There are also key weaknesses that the PLA strategists feel have to be closed. To address China’s Achilles’ heel in critical technologies, they suggest elevating research and development of high-end chips and industrial software to the level of China’s own Manhattan Project-like sprint to develop atomic and hydrogen bombs, an ICBM, and satellite technology in the 1960s (what was termed the “Two-Bomb, One Satellite” program) —with resources and support to match. This is an area where we have seen numerous recent developments. In August 2020, the founder and CEO of Huawei Ren Zhengfei visited four prominent Chinese universities to establish closer cooperation. In October 2020, the Shanghai government unveiled the “Oriental Chip Port” inside the Shanghai Free Trade Zone, bringing together 40 of China’s top chipmakers and 150 billion yuan ($22.4 billion) in investment. In November 2020, Chinese start-ups reportedly hired executives and engineers from top U.S. chip design toolmakers in an effort to break the U.S.’s near-monopoly on chip design toolmaking. Finally, over 10 top Chinese research universities have established new “schools of integrated circuits” within the past year alone.

The authors also stressed the need for China’s homegrown R&D base to surge ahead by not simply following in the same technology developmental path in areas where the U.S. already has a ten-year lead. This approach, which they dubbed “leapfrogging by switching lanes” (换道超车), essentially entails pursuing non-traditional approaches to achieving breakthroughs in critical technologies. For example, they argue that China’s lack of progress in silicon-based semiconductors or ultraviolet lithography can be mitigated if Chinese researchers were to explore non-traditional approaches such as carbon-based semiconductors, super-resolution imaging, or other innovative solutions. They argue that such “outside the box” solutions are what will enable China to achieve parity or even overtake the U.S. in critical technologies.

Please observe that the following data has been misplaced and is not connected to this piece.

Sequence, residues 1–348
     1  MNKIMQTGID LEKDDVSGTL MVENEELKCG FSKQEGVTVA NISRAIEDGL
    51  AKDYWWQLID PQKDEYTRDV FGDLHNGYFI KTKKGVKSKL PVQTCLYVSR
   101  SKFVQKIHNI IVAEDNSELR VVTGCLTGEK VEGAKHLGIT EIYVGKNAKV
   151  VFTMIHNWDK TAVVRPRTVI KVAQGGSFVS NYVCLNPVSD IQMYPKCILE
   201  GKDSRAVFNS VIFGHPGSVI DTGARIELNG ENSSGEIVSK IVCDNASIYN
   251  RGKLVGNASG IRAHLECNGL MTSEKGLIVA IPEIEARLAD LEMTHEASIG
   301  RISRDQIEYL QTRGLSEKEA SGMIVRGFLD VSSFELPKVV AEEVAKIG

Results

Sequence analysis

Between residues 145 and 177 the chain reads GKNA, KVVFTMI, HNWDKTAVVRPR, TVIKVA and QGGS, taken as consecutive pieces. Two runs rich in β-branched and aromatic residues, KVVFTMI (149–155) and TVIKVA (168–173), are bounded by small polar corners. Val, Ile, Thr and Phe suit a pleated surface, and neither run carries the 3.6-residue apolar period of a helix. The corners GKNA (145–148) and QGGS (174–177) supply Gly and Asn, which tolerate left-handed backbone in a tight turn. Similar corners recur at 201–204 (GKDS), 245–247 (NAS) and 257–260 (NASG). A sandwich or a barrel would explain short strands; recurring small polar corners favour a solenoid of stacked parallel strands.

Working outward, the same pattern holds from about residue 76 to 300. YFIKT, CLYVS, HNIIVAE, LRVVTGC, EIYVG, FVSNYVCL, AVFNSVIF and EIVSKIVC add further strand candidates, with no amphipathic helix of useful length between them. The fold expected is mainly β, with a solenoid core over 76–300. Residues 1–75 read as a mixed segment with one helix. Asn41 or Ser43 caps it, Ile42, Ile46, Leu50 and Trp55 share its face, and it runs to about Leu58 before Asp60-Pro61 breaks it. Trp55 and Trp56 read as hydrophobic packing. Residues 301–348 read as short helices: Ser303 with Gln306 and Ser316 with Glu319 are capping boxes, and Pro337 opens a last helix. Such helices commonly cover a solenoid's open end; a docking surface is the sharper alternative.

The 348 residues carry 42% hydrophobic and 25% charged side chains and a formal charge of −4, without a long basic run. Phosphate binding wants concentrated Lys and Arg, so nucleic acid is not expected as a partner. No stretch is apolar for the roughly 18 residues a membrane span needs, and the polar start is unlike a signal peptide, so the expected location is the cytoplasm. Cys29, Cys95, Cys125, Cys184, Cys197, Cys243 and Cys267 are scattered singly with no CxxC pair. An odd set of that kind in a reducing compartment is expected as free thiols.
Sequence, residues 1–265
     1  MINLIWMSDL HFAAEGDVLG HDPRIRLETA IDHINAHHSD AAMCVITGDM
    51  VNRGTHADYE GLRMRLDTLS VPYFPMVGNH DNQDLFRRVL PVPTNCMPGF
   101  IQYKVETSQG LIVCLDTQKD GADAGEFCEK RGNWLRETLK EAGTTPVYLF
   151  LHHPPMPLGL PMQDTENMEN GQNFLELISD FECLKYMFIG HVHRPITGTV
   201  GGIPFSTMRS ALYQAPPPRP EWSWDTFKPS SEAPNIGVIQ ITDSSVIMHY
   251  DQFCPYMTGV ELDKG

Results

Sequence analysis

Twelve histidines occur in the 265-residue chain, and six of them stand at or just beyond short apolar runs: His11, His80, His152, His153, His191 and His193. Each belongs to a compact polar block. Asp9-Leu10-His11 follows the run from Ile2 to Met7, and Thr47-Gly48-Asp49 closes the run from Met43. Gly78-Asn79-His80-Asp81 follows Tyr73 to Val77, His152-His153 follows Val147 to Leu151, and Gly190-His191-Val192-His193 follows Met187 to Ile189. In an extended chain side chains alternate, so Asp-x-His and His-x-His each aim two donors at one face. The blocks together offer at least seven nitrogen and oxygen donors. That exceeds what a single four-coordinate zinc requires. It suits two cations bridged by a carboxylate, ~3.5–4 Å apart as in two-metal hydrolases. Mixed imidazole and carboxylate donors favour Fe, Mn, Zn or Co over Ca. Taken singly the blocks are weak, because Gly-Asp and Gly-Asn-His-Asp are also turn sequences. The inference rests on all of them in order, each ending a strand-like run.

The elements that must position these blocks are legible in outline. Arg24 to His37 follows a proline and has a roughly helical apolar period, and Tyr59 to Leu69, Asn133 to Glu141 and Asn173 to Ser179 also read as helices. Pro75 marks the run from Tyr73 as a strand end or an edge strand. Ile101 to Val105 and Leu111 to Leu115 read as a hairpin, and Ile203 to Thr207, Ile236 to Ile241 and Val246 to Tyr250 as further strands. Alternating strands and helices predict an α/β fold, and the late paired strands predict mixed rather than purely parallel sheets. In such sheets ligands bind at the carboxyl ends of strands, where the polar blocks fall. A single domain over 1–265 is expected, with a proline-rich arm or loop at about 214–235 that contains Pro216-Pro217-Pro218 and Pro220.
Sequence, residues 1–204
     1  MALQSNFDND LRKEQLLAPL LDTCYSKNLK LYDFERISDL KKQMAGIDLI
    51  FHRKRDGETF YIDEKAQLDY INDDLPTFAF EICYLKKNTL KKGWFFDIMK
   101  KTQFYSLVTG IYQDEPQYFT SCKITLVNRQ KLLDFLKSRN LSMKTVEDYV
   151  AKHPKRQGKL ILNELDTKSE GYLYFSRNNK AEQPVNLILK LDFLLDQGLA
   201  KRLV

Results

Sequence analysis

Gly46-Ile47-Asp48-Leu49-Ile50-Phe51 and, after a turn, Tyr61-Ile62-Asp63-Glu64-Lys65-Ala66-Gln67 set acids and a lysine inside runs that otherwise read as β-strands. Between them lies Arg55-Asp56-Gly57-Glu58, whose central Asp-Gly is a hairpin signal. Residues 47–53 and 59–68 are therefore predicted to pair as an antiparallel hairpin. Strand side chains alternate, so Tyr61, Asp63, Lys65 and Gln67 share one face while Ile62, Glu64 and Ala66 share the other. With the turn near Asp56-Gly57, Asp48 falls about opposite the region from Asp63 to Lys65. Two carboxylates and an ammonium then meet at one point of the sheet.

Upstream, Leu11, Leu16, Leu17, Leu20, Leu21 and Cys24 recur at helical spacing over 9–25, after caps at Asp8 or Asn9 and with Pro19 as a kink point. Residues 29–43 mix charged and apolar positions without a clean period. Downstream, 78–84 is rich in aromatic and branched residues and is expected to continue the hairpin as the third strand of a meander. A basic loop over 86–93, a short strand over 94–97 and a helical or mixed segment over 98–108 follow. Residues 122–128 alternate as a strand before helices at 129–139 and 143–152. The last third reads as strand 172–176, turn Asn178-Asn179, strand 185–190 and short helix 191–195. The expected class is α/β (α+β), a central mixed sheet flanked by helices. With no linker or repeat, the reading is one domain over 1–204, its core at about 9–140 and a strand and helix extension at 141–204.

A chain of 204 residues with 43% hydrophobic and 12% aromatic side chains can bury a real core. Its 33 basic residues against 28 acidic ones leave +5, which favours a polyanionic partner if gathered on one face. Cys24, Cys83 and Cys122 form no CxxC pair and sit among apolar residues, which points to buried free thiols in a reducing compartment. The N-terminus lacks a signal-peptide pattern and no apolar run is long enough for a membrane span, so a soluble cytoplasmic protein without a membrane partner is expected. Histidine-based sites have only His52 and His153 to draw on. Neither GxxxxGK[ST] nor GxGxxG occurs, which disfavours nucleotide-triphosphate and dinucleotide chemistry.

Perhaps as a move to foster the kind of efforts envisioned by these authors, in May 2021, the Ministry of Education (MOE) approved the creation of “Schools of Future Technology” in twelve leading Chinese research universities and announced plans to build more in the next four years. Chinese policymakers hope that these new schools, many of which have already begun student enrolment this September, will produce top-of-the-class talent capable of leading China's S&T development in the next 10 to 15 years, particularly in the fields of “cutting-edge, revolutionary and disruptive technologies.” Based on details released by these 12 universities, these schools will target domains and areas identified as national strategic priorities such as aerospace, artificial intelligence, quantum information science, marine technology, and health and life sciences. The establishment of these schools has also been interpreted by some Chinese researchers as a way to prepare for an eventuality of Chinese STEM students no longer having access to education opportunities in top U.S. institutions.

The strategy laid out by the PLA researchers shows the pathways that China will likely follow during the long-term technology competition now envisioned by leaders on both sides. As U.S. policymakers consider additional legislation and policies to strengthen our competitiveness with China, it is important to understand their counter-strategy and make appropriate policy adjustments. Effective U.S. policies will address the critical issue of tech transfer and strengthen the long-term sustainability of our own R&D efforts—bearing in mind the expected Chinese pivots. It will be vital to sustain U.S. advantages in attracting and retaining talent. It will also be important to build understanding with the business community and global partners about the role that they choose to play in these two competing strategic visions.